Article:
Editor’s notebook: Fishing for the truth – CapitalGazette.com

NOTHING FISHY — In a more innocent time — 1889 — Jerome K. Jerome, in “Three Men in a Boat,” observed, “Some people are under the impression that all that is required to make a good fisherman is the ability to tell lies easily and without blushing; but this is a mistake. Mere bald fabrication is useless; the veriest tyro can manage that. It is in the circumstantial detail, the embellishing touches of probability, the general air of scrupulous — almost of pedantic — veracity, that the experienced angler is seen.”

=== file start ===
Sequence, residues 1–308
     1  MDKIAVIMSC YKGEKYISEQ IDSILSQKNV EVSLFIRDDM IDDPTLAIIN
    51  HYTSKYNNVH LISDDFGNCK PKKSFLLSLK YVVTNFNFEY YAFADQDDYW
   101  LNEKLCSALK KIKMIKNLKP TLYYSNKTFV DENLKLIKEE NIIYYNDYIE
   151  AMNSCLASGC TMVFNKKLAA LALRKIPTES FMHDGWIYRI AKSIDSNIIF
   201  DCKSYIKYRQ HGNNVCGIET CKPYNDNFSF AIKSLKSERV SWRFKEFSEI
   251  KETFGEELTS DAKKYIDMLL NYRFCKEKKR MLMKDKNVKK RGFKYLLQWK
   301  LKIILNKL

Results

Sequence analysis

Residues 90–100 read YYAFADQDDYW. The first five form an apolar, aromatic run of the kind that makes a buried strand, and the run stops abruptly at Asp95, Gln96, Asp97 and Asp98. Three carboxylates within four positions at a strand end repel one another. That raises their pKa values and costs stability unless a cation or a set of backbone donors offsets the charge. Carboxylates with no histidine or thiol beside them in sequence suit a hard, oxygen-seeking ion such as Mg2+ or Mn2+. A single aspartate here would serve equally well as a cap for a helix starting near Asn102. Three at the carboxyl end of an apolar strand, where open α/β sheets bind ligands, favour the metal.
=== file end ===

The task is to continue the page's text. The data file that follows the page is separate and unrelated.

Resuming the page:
Of course, all the embellishing touches in the world wouldn’t impress a lie detector. That might be why Philip G. Heasley of Naples, Florida, won’t be getting his more than $2.8 million in prize money for catching a 76.5-pound marlin in a fishing tournament last summer at Ocean City.

To be fair, Heasley says the two lie detector tests he flunked were rife with ambiguous and poorly targeted questions. Nonetheless, a federal district judge in Baltimore ruled this week that Heasley had violated the contest rules by not passing those mandatory exams.

Our guess is that Jerome, if we could have him back to ask, wouldn’t think that cross-examining anglers while they’re strapped to a machine does much for the tone of the pastime. But his main question might be why we do this for fishing tournaments but not politicians.